Defense Minister Ehud Barak on Monday said Israel is closely watching developments in Syria due to the possibility of Damascus transferring advanced and non-conventional weapons to Hezbollah should Syrian President Bashar Assad's regime fall.
"The moment the regime there falls, we'll be following these things, but at the end of the day it is very difficult to predict what will happen there," Barak told a group of youths performing national service.
One does not need intelligence reports or analyses to see what is going on in Syria, Barak continued, "it is enough to watch television."
"The Assad family is slaughtering its people, with the support of the Iranians and Hezbollah and the world is silent," the defense minister added.
Shelling of opposition strongholds continues
Syrian forces shelled opposition strongholds in the central province of Homs and eastern Deir al-Zor on Monday and clashed with rebels in violence which killed 29 people across the country, the Syrian Observatory for Human Rights said.
The British-based Observatory, which monitors Syria through a network of sources inside the country, said six members of the security forces were killed in fighting with rebels in the town of Al-Ashaara in Deir al-Zor.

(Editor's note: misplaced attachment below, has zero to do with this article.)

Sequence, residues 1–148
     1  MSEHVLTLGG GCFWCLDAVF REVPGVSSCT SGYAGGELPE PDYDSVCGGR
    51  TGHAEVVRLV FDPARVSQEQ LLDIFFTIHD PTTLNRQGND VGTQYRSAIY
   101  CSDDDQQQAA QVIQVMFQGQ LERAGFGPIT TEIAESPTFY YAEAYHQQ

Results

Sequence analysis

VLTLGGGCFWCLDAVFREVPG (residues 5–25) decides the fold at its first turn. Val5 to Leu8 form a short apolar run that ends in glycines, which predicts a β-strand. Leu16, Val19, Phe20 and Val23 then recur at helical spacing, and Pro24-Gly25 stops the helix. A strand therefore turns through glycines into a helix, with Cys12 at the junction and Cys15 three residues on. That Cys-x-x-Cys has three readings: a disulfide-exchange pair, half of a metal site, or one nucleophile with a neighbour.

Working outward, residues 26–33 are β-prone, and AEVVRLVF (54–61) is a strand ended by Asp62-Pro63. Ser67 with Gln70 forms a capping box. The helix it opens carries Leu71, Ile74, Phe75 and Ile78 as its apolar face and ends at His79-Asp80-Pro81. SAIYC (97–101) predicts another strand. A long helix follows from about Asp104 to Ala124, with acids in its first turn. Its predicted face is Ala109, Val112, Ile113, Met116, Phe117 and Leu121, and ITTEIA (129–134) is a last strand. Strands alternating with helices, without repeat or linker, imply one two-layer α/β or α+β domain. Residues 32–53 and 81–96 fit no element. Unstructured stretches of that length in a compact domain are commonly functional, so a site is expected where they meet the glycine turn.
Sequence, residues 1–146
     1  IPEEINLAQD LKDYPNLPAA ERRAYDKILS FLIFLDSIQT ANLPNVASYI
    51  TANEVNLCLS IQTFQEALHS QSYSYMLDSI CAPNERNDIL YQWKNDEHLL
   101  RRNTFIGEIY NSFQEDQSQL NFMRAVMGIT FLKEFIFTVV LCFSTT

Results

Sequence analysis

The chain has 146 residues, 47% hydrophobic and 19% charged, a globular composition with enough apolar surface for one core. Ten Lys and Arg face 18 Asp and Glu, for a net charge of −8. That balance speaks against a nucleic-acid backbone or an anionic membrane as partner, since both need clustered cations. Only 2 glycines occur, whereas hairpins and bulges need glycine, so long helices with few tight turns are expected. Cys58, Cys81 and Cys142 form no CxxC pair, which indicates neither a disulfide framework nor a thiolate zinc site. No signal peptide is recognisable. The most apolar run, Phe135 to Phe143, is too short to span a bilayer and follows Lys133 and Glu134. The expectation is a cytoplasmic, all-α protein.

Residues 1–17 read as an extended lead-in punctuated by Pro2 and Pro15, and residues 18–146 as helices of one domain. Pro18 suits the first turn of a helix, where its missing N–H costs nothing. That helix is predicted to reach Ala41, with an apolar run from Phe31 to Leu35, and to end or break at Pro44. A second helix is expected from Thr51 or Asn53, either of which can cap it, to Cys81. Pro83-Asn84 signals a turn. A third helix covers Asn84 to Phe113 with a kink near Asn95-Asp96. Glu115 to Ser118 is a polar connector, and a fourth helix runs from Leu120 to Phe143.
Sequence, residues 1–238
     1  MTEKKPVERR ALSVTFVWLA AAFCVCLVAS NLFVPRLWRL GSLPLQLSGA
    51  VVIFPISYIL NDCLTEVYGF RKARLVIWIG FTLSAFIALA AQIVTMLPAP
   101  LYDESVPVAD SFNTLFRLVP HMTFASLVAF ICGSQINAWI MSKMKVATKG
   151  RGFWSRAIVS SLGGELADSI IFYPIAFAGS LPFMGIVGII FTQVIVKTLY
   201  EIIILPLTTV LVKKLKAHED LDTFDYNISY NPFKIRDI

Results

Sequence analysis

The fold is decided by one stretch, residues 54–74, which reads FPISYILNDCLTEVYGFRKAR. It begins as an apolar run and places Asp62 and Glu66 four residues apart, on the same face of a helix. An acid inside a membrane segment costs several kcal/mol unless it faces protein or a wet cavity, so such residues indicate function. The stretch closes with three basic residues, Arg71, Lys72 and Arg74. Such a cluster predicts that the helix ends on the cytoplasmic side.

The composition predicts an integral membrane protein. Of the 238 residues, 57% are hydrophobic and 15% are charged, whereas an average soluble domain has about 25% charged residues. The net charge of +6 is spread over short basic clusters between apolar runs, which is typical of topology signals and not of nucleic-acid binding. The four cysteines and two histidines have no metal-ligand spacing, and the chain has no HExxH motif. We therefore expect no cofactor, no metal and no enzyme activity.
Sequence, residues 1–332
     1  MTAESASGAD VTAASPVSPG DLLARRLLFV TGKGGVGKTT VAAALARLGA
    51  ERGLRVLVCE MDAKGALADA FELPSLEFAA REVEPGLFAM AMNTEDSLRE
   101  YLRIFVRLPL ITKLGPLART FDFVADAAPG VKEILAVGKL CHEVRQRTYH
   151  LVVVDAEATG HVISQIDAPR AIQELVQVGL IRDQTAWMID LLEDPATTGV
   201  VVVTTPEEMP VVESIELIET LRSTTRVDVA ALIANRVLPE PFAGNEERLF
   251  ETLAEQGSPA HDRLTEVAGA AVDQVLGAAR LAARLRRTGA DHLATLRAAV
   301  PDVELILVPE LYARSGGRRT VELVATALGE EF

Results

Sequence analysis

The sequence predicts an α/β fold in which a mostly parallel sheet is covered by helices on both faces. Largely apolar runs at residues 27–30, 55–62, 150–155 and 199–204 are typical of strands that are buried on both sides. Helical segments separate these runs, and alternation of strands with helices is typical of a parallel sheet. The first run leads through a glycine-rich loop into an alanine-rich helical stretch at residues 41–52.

Video shows what activists say are helicopters firing missiles in Rastan.
A further five people, including an army defector, were killed in army shelling of the town, it said.
In the center of the country, where Free Syrian Army rebels have been intensifying attacks on forces loyal to Assad, the army shelled Rastan and the city of Homs and conducted army offensives in Hama and Idlib provinces.
On Sunday, Prime Minister Binyamin Netanyahu condemned the ongoing massacre of Syrian civilians by Assad, blaming the violence on the Axis of Evil: Iran, Syria and Hezbollah.
"This axis is rearing its ugly head," Netanyahu told his cabinet, "and the world must understand that this is the region we live in."
Vice Premier Shaul Mofaz on Sunday accused Assad
of committing genocide during his crackdown on a 15-month uprising, in
an unusually harsh censure of the Jewish state's Arab neighbor.
Soldiers and militias loyal to Assad have killed at least 10,000 people, according to UN figures. The Assad government puts its own losses at more than 2,600 dead. Assad has blamed unspecified foreign-backed terrorists for the violence.